Removing a town, village, improvement district or fire district officer, other than a justice of the peace, from his or her office
2016 NY Slip Op 04420, Appellate Division, Second Department
The Village Board [Village] adopted a resolution appointing its Village Clerk/Treasurer [Clerk] for a two-year term. Village subsequently advised Clerk that it had suspended her with pay following her arrest for allegedly “shoplifting” and ultimately adopted a resolution terminating Clerk's “employment by the Village.”
Clerk commenced a CPLR Article 78 action seeking a court order compelling Board to reinstate her to her office retroactively with full back pay, alleging, among other things, that Village’s action terminating her from office was arbitrary and capricious, and in violation of Public Officers Law §36. Village answered the petition and subsequently moved to dismiss the proceeding.
Supreme Court, without deciding the merits of Clerk’s petition, determined that the Village did not raise any objections in point of law that could terminate the entire proceeding, denied the Village's motion to dismiss Clerk’s petition and transferred the proceeding to the Appellate Division.
The Appellate Division opined that, as the challenged determination by Village was not made after a quasi-judicial evidentiary hearing, Supreme Court erred in transferring the matter to it. However, “in the interest of judicial economy,” the court elected to retain jurisdiction and determine the issues raised by Clerk on their merits.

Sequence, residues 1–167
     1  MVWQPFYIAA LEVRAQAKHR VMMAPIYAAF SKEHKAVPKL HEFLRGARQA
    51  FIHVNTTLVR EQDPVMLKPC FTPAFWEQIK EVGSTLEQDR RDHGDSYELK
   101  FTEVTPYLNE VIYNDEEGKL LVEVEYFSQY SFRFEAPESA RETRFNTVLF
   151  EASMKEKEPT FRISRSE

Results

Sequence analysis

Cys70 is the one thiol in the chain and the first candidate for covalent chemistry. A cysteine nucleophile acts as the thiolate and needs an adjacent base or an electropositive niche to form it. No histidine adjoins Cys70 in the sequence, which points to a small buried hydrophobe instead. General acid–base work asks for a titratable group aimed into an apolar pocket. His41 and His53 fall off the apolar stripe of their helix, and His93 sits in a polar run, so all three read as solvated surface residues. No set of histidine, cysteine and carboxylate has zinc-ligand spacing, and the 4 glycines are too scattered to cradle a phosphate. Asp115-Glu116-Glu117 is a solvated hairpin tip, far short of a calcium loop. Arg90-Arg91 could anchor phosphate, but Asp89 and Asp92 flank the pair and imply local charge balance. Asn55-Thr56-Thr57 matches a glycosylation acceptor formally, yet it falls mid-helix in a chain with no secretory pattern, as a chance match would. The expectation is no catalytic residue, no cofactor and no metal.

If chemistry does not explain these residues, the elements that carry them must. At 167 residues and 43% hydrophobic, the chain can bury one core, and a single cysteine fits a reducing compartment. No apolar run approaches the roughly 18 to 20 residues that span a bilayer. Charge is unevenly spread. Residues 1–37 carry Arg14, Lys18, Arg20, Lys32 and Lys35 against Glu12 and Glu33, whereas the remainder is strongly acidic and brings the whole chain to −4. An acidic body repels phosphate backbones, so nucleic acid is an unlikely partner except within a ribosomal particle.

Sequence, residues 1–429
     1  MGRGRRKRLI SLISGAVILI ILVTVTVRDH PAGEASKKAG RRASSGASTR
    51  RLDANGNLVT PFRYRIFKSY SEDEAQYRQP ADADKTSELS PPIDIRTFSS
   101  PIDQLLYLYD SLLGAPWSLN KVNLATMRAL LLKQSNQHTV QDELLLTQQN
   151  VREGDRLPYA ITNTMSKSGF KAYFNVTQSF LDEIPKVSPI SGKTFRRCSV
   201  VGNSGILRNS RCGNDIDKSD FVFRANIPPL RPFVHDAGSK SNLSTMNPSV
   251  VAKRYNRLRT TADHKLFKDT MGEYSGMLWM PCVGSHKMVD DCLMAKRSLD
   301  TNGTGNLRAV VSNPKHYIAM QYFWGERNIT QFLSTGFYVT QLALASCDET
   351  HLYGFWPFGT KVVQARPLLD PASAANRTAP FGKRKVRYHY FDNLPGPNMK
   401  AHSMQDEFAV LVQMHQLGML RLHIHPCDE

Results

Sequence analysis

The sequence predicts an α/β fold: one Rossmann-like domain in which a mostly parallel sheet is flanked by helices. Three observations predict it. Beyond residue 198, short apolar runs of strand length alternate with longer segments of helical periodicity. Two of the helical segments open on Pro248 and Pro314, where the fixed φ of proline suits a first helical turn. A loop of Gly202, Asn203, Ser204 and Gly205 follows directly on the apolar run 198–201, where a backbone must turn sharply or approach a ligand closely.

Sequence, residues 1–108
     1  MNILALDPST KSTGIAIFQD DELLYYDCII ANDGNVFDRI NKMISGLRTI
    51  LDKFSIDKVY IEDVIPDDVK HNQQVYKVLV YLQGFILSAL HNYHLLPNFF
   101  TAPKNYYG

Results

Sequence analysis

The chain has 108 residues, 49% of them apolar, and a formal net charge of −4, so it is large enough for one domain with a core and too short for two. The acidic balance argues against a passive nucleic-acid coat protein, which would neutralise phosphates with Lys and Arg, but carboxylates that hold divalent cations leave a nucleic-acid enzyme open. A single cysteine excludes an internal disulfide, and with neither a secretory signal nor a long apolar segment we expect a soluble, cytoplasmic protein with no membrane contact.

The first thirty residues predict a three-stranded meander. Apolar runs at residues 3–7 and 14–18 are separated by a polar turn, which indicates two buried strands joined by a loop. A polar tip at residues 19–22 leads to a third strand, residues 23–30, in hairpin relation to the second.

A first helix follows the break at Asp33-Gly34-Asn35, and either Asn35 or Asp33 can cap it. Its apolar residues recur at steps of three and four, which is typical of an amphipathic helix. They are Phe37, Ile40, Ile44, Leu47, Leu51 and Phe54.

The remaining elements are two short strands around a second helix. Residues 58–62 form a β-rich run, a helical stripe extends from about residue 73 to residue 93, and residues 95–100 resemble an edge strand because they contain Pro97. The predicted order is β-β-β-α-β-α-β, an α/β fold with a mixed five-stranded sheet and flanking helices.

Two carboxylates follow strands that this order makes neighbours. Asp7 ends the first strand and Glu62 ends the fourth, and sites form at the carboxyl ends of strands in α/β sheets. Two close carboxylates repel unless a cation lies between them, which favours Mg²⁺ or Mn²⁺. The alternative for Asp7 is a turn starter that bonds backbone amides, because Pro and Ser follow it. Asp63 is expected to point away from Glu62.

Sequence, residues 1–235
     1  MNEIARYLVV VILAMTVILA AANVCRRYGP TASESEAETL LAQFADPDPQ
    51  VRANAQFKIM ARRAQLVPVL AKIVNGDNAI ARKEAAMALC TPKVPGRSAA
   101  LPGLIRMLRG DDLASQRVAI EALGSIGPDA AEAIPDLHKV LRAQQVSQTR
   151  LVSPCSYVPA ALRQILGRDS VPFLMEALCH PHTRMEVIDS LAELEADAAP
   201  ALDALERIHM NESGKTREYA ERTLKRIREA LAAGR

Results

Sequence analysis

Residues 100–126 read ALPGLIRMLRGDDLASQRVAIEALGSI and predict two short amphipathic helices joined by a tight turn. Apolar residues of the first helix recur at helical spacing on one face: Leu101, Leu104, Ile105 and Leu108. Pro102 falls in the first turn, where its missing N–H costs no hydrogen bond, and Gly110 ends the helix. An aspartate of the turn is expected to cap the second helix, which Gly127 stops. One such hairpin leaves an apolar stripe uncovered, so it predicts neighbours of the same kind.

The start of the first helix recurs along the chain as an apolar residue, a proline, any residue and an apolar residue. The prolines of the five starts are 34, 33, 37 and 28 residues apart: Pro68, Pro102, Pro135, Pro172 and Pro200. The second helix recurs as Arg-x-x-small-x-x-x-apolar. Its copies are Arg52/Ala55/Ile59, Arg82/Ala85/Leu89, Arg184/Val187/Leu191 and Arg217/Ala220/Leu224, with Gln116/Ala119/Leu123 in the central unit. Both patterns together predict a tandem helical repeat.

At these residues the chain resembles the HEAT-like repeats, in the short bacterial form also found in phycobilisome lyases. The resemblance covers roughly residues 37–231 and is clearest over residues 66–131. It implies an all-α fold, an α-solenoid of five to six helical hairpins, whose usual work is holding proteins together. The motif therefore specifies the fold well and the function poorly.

Considering the relevant law, the Appellate Division ruled that Village lacked the authority to remove Clerk, a Village officer, from her position by adopting a resolution to that effect.
The court explaining that a Village officer could only be removed from his or her office in accordance with the procedure set forth in Public Officers Law §36, noting that §36 provides, in relevant part, that any Village officer "may be removed from office by the supreme court for any misconduct . . . An application for such removal may be made by any citizen resident of such . . . village . . . or by the district attorney of the county in which such . . . village . . . is located, and shall be made to the appellate division."
Further, §36 provides that “Such application [to the Appellate Division in the appropriate judicial department] shall be made upon notice to such officer of not less than eight days, and a copy of the charges upon which the application will be made must be served with such notice.”
The Village’s action to terminate Clerk from her public office by adopting a resolution so doing was, in effect, a nullity as Village lacked the authority to remove Clerk from her public office by resolution. As no application to the Appellate Division to remove Clerk from her office had been made as mandated by Public Officers Law §36, the Appellate Division granted Clerk’s petition to the extent that Village’s action was annulled and the matter remitted to the Supreme Court to determine the appropriate remedy.
The decision is posted on the Internet at:
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